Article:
Tracking and detecting arbitrary objects are important in many applications such as video surveillance, video analytics and human-machine interactions. Although many promising methods have been proposed in this area, it is still very challenging to track and detect arbitrary objects due to issues such as complicated motion transformations and occlusions. In this thesis, four pieces of works are developed to address these problems in tracking and detecting objects. The first piece of work addresses learning hierarchical features for visual object tracking by using deep learning. Previously, raw pixel values or hand-crafted features are used to represent target objects. However, these representations are not able to handle large appearance variations of arbitrary target objects. Recently, deep learning has achieved very promising results in speech recognition and image classification. Nevertheless, it is non-trivial to apply deep learning to visual object tracking. Usually, deep neural networks require a lot of training data to learn a large number of network parameters. However, training data is not sufficient for visual object tracking as annotations of a target object are only available in the first frame of a test sequence. To solve this problem, a feature learning algorithm is proposed for visual object tracking by using domain adaptation. First, hierarchical features are learned from auxiliary video sequences by using a two-layer neural network. Embedding the temporal slowness constraint into the stacked network architecture makes learned features robust to complicated motion transformations, and this manipulation is important for visual object tracking. Then, given a target image sequence, a domain adaptation module is proposed to adapt the pre-learned features according to the specific target object. The adaptation is conducted in both two layers of the neural network to include appearance information of the specific target object. As a result, learned hierarchical features can be robust to both complicated motion transformations and appearance changes of target objects. Experimental results demonstrate that significant improvement can be achieved by using the learned hierarchical features, especially on image sequences with complicated motion transformations. As an extension of the first work, the second piece of work focuses on learning hierarchical features for multiple object tracking. First, generic features can be pre-learned from auxiliary data. Then, it is straightforward to adapt the pre-learned features according to multiple target objects independently. In this way, the adaptation module for each target object will only use its own annotation data, which is actually still limited for feature adaptation. To solve this problem, a joint learning strategy using the annotation data of all target objects is proposed to conduct feature adaptation jointly according to multiple target objects. As a result, the feature adaptation module can achieve better performance since it makes use of more training data. The proposed joint learning strategy can simultaneously learn common features shared by all target objects and individual features for each object. Experimental results demonstrate that using learned hierarchical features can significantly improve multiple object tracking performance. The third piece of work is about learning hierarchical features for visual object tracking by using another neural network different from the one used in the first and second works. As mentioned before, training data is not enough in visual object tracking. Consequently, the deep neural networks used in the first and second works pre-learn the network parameters from auxiliary data. However, this kind of pretraining is inconvenient for visual object tracking. In this work, a feature learning algorithm is proposed for visual object tracking to learn hierarchical features by using tree structure based Recursive Neural Networks (RNN), which have fewer parameters and do not require any network pre-training on auxiliary data. First, RNN parameters are learned to discriminate between target and background only based on the target annotation in the first frame of a test sequence. Tree structure over local patches of an exemplar region is randomly generated by using a bottom-up greedy search strategy. Given the learned RNN parameters, two dictionaries regarding target regions and corresponding local patches are created based on learned hierarchical features from both top and leaf nodes of multiple random trees. In each of the subsequent frames, sparse dictionary coding is conducted on all candidates to select the best candidate as the new target location. In addition, two dictionaries are online updated to handle appearance changes of target objects. Experimental results demonstrate that the proposed feature learning algorithm can significantly improve tracking performance on benchmark datasets. The last piece of work investigates background subtraction based object detection, in which foreground regions are obtained by subtracting background models from input images. Sometimes, there are more than one object in a foreground region. However, it is difficult to separate the occluded objects in a foreground region based on color images. In this work, an occlusion handling method is proposed for object detection to separate occluded objects in foreground regions based on “3-D” data comprising image plane coordinates and depth values. First, foreground regions are obtained by using background subtraction on depth data. Then, a so-called “split-merge” approach is proposed to over-segment a foreground region into subregions and then cluster them into a number of object regions by using the proposed boundary based similarity metric. As a result, occluded objects in a foreground region can be effectively detected. Experimental results demonstrate that the proposed occlusion handling method can significantly improve object detection performance.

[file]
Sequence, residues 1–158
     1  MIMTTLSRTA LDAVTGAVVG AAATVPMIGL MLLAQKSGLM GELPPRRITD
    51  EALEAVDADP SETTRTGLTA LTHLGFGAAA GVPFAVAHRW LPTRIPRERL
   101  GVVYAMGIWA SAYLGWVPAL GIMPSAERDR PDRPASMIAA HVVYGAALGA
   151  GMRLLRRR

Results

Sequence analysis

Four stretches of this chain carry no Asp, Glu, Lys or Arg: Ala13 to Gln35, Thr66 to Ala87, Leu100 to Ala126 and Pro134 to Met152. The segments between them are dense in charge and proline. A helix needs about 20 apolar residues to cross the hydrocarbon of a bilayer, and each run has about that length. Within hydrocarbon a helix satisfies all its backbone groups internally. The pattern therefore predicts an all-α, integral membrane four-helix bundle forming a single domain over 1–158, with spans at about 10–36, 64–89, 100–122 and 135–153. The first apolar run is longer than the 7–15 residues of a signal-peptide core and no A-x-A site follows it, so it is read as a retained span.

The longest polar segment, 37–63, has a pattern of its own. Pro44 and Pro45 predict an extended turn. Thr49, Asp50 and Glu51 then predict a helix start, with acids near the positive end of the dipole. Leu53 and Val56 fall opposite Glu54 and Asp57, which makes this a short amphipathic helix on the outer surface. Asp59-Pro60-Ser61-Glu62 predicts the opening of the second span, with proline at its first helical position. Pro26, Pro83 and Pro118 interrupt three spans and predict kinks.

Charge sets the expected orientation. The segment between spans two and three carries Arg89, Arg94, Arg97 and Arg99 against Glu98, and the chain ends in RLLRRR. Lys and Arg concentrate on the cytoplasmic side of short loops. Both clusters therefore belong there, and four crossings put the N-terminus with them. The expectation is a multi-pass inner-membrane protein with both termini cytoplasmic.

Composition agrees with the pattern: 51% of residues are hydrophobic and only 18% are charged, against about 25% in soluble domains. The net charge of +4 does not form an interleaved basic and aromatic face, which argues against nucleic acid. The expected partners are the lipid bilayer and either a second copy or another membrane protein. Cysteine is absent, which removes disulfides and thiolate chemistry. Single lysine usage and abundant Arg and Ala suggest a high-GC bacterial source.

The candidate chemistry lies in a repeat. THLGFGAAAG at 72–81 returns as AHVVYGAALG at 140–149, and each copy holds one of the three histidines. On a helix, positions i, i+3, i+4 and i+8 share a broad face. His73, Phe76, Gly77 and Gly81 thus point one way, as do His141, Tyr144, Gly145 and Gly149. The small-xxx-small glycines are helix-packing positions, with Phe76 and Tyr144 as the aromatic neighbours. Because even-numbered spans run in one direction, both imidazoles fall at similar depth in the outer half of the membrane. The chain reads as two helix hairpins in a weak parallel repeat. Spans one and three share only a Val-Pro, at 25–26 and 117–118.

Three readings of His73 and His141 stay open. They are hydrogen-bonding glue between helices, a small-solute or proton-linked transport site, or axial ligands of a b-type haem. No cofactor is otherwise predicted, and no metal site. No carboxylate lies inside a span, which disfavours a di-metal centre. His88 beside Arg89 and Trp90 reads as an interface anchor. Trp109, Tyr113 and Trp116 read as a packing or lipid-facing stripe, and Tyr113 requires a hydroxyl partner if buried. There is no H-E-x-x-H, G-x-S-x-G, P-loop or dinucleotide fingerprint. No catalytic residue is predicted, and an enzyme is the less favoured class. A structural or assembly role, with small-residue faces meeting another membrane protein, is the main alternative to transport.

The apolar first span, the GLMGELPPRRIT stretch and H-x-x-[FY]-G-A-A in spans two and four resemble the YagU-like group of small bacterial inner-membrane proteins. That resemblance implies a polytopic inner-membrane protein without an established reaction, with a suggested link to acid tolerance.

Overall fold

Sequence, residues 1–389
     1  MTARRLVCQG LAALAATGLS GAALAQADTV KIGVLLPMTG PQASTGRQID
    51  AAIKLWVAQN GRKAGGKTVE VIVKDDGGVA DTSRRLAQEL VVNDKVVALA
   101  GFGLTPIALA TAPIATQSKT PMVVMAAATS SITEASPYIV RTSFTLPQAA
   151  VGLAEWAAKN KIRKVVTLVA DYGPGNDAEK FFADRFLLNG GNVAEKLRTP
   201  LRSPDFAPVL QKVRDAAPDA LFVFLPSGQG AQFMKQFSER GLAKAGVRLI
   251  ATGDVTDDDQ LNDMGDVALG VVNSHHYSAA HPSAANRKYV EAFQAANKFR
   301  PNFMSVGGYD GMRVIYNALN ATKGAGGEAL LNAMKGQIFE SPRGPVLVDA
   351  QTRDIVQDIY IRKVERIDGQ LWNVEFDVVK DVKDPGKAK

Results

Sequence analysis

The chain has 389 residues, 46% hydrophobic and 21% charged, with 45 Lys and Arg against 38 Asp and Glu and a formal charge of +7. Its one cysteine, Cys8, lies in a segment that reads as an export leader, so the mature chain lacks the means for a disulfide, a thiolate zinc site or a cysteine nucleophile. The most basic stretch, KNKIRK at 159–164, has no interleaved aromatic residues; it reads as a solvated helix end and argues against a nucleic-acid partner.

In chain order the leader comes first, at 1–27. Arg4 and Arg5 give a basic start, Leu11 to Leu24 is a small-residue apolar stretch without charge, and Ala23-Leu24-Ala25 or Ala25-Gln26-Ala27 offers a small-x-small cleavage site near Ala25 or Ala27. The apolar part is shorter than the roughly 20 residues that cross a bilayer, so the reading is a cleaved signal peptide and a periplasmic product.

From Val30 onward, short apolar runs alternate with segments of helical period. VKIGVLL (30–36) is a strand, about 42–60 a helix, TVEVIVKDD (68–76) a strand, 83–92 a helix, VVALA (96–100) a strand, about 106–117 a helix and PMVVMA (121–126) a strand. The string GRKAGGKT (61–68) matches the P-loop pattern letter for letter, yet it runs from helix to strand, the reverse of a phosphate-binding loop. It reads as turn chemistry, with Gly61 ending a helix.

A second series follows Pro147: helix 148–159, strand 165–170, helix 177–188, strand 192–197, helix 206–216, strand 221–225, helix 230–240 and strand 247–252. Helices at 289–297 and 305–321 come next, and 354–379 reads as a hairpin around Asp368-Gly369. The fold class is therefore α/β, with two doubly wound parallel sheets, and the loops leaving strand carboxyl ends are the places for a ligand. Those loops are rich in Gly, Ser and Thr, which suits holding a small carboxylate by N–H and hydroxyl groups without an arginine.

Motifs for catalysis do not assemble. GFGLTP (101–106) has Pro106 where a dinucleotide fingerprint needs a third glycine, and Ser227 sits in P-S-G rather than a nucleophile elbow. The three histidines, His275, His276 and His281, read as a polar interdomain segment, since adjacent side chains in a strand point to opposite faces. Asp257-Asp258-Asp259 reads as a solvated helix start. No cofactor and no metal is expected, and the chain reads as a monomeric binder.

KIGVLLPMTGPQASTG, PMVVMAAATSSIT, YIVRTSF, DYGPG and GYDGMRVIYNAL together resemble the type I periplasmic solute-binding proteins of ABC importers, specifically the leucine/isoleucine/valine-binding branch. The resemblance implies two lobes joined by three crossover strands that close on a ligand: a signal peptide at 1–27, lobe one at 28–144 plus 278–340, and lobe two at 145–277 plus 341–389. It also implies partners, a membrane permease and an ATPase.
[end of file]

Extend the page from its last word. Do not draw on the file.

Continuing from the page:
DRNTU::Engineering::Electrical and electronic engineering::Computer hardware, software and systems